Testosterone Replacement Therapy

Testosterone is the male sex hormone. It is responsible for male sexual characteristics such as:

  • deep voice
  • muscle tone
  • bone strength
  • hair pattern (and balding)
  • sex drive
  • achieving and maintaining erections
  • general sense of male well-being
Image explaining the role of testosterone in the male body.

How will my testosterone level be affected by an orchidectomy?

Having one testicle removed should not affect the overall testosterone level in the body, providing the remaining testicle is healthy. In some men such as those who have had, or are having chemotherapy, testosterone production can be reduced. This is usually not permanent, but it may take some time after treatment for testosterone levels to recover. 

Men who have had a bilateral orchidectomy (both testicles removed) will have a minimal level of testosterone and will need testosterone replacement therapy.

How will I know if my testosterone is low?

Possible symptoms of low testosterone include:

  • Tiredness
  • Low mood
  • Confusion and feeling emotional.
  • Hot flushes.
  • Weight gain
  • Loss of muscle strength.
  • Loss of or difficulty in achieving normal erections on waking up in the morning
  • Fall in sex drive (loss of libido)
  • Difficulty in maintaining erections strong enough for masturbation or sexual intercourse.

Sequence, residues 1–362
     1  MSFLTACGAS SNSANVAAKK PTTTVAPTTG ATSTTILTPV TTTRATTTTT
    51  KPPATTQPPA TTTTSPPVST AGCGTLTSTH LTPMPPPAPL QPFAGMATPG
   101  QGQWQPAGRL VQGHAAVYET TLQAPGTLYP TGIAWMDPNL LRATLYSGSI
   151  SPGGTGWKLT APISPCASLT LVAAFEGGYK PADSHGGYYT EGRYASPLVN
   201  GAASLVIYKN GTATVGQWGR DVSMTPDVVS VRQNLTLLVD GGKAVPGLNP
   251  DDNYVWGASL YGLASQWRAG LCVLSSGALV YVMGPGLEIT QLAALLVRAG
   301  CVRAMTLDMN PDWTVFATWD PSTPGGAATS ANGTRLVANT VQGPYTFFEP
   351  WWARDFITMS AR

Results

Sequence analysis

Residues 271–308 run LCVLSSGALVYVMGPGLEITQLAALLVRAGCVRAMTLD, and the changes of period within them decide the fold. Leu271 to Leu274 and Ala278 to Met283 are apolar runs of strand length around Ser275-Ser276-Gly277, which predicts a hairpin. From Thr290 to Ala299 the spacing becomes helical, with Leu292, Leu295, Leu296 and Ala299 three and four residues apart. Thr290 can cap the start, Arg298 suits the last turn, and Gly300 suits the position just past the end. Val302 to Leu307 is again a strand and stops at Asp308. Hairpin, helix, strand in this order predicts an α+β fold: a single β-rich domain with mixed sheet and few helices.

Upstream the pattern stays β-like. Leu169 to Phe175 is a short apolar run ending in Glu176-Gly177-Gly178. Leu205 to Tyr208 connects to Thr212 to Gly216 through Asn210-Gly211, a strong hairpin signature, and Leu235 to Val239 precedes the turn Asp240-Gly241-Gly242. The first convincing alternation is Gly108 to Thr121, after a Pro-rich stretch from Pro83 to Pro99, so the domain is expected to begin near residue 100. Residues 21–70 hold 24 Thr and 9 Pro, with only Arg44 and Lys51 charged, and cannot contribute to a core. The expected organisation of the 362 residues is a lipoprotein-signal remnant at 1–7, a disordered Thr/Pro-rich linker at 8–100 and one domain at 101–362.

• Breast swelling (gynaecomastia)

Longer term

  • Thinning of the bones (osteoporosis) 
  • Increased risk of cardiovascular disease.

The blood test to measure testosterone levels.

Testosterone levels can be checked by a blood test. Testosterone levels are at their highest early in the morning, and this is when the blood test should be performed.

What is the normal level?

A normal level of testosterone is usually considered to be between approximately 9 – 30 nmol/L (nanomoles per litre). A level below 8 nmol/L is low, and the blood test should be repeated. If it is low on 2 occasions taken at the right time of the day, then men will usually benefit from starting testosterone replacement therapy. 

Borderline levels are between 9 – 12 nmol/L and will often be monitored. However, if men are displaying symptoms of low testosterone with a borderline level a trial of testosterone replacement therapy for 6- months can be tried to see if symptoms improve,